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|Book II||Jules Verne|
The Professor's Experiences
|Page 1 of 6||
"Yes, my comet!" repeated the professor, and from time to time he knitted his brows, and looked around him with a defiant air, as though he could not get rid of the impression that someone was laying an unwarranted claim to its proprietorship, or that the individuals before him were intruders upon his own proper domain.
But for a considerable while, Servadac, the count, and the lieutenant remained silent and sunk in thought. Here then, at last, was the unriddling of the enigma they had been so long endeavoring to solve; both the hypotheses they had formed in succession had now to give way before the announcement of the real truth. The first supposition, that the rotatory axis of the earth had been subject to some accidental modification, and the conjecture that replaced it, namely, that a certain portion of the terrestrial sphere had been splintered off and carried into space, had both now to yield to the representation that the earth had been grazed by an unknown comet, which had caught up some scattered fragments from its surface, and was bearing them far away into sidereal regions. Unfolded lay the past and the present before them; but this only served to awaken a keener interest about the future. Could the professor throw any light upon that? they longed to inquire, but did not yet venture to ask him.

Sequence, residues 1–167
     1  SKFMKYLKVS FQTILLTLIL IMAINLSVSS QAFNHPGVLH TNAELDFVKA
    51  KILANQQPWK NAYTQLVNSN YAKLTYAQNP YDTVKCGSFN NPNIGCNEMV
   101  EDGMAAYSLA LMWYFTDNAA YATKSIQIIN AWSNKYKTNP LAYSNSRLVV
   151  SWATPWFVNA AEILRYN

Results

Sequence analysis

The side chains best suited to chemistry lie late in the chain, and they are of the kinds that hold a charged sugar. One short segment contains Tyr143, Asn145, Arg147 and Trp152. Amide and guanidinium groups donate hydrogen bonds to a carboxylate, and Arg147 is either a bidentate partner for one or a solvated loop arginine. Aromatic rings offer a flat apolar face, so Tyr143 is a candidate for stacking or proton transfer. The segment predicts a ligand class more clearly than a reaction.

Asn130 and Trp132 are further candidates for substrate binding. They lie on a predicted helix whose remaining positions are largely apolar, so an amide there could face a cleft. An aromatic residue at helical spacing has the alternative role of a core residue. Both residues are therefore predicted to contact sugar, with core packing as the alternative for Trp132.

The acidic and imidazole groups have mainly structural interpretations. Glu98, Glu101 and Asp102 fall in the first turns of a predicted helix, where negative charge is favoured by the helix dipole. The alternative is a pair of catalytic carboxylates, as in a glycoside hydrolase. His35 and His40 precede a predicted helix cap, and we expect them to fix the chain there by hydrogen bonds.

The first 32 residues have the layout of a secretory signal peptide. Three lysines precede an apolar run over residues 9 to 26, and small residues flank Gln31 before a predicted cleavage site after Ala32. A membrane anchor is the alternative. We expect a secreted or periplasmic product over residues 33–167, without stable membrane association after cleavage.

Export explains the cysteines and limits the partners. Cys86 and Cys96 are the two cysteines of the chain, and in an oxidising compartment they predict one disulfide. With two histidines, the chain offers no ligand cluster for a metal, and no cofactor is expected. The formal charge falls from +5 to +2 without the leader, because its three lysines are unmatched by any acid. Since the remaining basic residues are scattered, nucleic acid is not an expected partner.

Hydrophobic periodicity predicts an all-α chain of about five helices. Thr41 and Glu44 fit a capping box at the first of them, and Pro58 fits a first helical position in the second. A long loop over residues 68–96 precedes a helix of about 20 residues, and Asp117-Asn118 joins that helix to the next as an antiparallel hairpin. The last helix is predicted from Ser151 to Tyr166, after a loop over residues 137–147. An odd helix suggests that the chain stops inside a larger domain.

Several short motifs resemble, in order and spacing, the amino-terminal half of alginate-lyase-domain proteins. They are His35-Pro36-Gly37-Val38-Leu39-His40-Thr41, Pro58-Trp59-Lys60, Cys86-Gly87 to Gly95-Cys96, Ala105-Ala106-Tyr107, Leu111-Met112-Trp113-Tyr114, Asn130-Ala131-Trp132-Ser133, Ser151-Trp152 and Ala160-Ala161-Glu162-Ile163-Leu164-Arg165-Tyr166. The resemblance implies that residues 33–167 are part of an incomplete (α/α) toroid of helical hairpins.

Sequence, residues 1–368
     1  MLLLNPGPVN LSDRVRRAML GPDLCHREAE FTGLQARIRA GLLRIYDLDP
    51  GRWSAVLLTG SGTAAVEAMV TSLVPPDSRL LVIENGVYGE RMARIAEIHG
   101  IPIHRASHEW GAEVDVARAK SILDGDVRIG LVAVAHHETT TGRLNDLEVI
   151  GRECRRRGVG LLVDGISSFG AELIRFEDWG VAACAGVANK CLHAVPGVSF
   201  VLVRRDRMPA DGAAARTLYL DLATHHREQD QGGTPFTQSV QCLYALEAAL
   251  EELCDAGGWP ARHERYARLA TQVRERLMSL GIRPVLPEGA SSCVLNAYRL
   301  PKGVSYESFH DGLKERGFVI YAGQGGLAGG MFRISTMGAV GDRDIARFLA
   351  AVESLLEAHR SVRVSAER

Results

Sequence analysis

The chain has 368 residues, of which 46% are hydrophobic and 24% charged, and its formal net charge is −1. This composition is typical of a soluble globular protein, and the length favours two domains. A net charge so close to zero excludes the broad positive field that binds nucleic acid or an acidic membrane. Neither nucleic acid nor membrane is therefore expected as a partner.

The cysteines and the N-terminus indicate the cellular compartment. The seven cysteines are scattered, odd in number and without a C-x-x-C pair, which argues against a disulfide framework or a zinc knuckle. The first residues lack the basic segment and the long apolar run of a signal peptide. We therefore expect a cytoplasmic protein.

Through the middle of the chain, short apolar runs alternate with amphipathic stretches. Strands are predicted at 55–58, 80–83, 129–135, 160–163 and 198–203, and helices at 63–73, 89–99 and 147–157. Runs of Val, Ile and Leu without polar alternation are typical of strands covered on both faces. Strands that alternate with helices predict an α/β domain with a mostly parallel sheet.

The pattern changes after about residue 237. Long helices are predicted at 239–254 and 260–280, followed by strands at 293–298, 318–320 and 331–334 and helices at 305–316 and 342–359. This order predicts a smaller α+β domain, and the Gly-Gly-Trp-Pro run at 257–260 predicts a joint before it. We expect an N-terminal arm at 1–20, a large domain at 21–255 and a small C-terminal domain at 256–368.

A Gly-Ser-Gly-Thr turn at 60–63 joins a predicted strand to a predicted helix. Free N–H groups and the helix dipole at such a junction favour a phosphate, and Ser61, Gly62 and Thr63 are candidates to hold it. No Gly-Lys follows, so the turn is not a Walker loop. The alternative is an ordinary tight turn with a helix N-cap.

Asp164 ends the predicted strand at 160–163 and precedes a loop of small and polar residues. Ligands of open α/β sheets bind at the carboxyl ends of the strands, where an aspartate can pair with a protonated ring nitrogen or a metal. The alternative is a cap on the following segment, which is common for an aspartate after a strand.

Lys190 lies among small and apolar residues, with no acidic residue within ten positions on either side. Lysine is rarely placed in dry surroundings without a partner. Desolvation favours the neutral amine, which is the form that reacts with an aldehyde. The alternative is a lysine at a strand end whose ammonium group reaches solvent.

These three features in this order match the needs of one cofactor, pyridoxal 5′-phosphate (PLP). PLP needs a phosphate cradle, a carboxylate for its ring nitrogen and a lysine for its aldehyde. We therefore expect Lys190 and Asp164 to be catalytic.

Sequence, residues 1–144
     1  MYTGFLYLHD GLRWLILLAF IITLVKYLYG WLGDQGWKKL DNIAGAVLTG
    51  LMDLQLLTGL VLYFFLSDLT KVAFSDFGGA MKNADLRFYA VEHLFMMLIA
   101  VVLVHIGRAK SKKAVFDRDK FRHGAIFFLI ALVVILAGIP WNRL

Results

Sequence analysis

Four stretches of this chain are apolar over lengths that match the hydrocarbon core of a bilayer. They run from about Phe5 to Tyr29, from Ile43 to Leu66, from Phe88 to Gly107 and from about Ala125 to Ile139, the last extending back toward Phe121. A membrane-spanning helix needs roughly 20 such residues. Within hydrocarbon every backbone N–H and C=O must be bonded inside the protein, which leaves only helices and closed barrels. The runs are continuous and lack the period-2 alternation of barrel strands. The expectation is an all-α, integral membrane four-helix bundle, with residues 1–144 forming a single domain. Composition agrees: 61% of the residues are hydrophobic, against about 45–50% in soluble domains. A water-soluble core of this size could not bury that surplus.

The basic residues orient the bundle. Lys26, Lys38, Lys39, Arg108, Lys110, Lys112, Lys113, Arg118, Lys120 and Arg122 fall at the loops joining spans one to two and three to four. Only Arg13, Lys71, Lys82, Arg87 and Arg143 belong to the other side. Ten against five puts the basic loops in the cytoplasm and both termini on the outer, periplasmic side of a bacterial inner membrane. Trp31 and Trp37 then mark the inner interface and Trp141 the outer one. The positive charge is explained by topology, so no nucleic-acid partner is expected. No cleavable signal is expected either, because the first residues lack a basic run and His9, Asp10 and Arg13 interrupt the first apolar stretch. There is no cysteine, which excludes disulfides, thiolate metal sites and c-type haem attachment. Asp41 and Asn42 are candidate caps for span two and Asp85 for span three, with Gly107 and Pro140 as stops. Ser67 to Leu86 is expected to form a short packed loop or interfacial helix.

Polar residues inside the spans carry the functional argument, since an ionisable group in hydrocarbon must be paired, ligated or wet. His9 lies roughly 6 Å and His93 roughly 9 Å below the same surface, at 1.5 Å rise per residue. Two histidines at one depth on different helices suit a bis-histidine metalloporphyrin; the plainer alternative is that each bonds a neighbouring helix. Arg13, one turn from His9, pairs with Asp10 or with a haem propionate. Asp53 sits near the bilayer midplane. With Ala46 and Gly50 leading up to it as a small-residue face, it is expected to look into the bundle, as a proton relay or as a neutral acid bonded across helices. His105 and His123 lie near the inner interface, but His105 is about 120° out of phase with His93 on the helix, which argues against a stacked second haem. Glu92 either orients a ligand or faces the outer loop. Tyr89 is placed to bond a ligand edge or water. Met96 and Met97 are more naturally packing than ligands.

Meanwhile Rosette assumed a pompous professional air, and appeared to be waiting for the entire party to be ceremoniously introduced to him. Nothing unwilling to humor the vanity of the eccentric little man, Servadac proceeded to go through the expected formalities.
"Allow me to present to you my excellent friend, the Count Timascheff," he said.
"You are very welcome," said Rosette, bowing to the count with a smile of condescension.
"Although I am not precisely a voluntary resident on your comet, Mr. Professor, I beg to acknowledge your courteous reception," gravely responded Timascheff.
Servadac could not quite conceal his amusement at the count's irony, but continued, "This is Lieutenant Procope, the officer in command of the Dobryna."
The professor bowed again in frigid dignity.
"His yacht has conveyed us right round Gallia," added the captain.
"Round Gallia?" eagerly exclaimed the professor.
"Yes, entirely round it," answered Servadac, and without allowing time for reply, proceeded, "And this is my orderly, Ben Zoof."
"Aide-de-camp to his Excellency the Governor of Gallia," interposed Ben Zoof himself, anxious to maintain his master's honor as well as his own.
Rosette scarcely bent his head.
The rest of the population of the Hive were all presented in succession: the Russian sailors, the Spaniards, young Pablo, and little Nina, on whom the professor, evidently no lover of children, glared fiercely through his formidable spectacles. Isaac Hakkabut, after his introduction, begged to be allowed to ask one question.
"How soon may we hope to get back?" he inquired,
"Get back!" rejoined Rosette, sharply; "who talks of getting back? We have hardly started yet."
Seeing that the professor was inclined to get angry, Captain Servadac adroitly gave a new turn to the conversation by asking him whether he would gratify them by relating his own recent experiences. The astronomer seemed pleased with the proposal, and at once commenced a verbose and somewhat circumlocutory address, of which the following summary presents the main features.
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